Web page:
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How to Help

How to Show Up: A Guide to Support a Loved One’s Miscarriage

Author -

Kimberly Jolasun

Miscarriages suck. Here are some tips to offer emotional and practical support to your friend, partner, or loved one during a difficult time.

As a partner or close friend, it is devastating to hear about a miscarriage. You want to do everything you can to provide support. But knowing exactly what to do, practically, is hard. We’ve been there. Based on personal experience, the women behind Villie have put together this guide to support your loved one's miscarriage.

Listen without judgment

One of the most important things you can do as a friend is to simply listen. Your friend may need to talk about their feelings and the pain they are experiencing. Be there for them, listen to them, and offer your support. Don't try to solve their problems or offer advice unless they ask for it. Just let them know that you're there for them and that they can talk to you whenever they need to.

Offer practical support

Your friend may need practical help during this time and at Villie we recognize that 'help' is different for every person. Offer to help with household chores, pick up the groceries, meal preparation, or childcare if they have other children. You could take the dog for a walk. If they need time off work, offer to cover for them or help with paperwork. Small gestures like this can make a big difference during this difficult time.

Send a thoughtful gesture

Sending a thoughtful gesture, like a bouquet of flowers or a handwritten note, can mean a lot to someone who is going through a difficult time. It shows that you're thinking of them and that you care. Don’t know what to say? Don’t overthink it - just say I’m sorry, or this sucks, or I’m here for you.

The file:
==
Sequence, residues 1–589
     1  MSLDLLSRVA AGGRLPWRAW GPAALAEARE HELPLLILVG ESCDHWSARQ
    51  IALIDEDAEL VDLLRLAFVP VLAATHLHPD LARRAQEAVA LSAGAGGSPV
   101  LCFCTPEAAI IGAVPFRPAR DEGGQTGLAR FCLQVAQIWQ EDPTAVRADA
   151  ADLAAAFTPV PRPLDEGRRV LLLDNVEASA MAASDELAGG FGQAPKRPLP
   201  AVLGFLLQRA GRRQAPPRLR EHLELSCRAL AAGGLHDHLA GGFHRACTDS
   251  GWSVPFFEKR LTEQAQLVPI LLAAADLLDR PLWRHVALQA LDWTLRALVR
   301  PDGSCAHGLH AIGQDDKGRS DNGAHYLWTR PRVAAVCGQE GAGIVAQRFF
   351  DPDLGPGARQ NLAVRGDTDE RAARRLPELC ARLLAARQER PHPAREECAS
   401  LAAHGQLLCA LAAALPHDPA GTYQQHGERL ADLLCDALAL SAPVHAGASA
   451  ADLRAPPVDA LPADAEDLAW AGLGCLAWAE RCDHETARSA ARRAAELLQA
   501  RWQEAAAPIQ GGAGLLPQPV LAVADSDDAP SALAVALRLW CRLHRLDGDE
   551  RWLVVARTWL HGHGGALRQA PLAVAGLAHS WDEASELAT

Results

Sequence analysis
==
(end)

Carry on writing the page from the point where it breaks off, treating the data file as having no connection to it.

Be patient

It takes time to heal after a miscarriage, and everyone handles it differently. Some people may want to talk about it all the time, while others may prefer to avoid the topic. Respect your friend's wishes and be patient with them. If they don't want to talk about it, don't push them. Just be there for them whenever they need you.

Take care of yourself

Miscarriages impact more than one person. It's important to take care of yourself, too. Supporting someone through a difficult time can be emotionally draining, so make sure you're taking care of your own needs, too. Reach out to your own support network, whether it's friends, family, or a therapist, to help you process your own feelings.

Know where to get professional help (and when it’s needed)

Call 988 if you or your loved one needs to talk to someone immediately. This is a free and confidential emotional support hotline for people in suicidal crisis or emotional distress.

Don’t know what to watch for? According to the American College of Obstetricians and Gynecologists, seek professional help if you or your loved one is experiencing these signs for more than 2 weeks: 

  • Excessive or irrational worry
  • Trouble sleeping, concentrating, or taking care of yourself
  • Trembling, muscle tension, sweating, or nausea
  • Loss of interest in normal activities
  • Tearfulness
  • Feeling hopeless, worthless, or numb
  • Flashbacks or nightmares
  • Thoughts of hurting yourself

Talk therapy can be helpful for all sorts of grief. For access to in-person therapy, you can search Psychology Today, an electronic database of mental health professionals that can be searched by location, sliding scale pricing, and specialty. Or, ask a doctor for a recommendation.

You have the power to make a difference

A miscarriage is a devastating experience for anyone, but as a friend, you have the power to make a difference. By listening without judgment, offering practical support, sending thoughtful gestures, being patient, and taking care of yourself, you can provide the support your friend needs during this challenging time.

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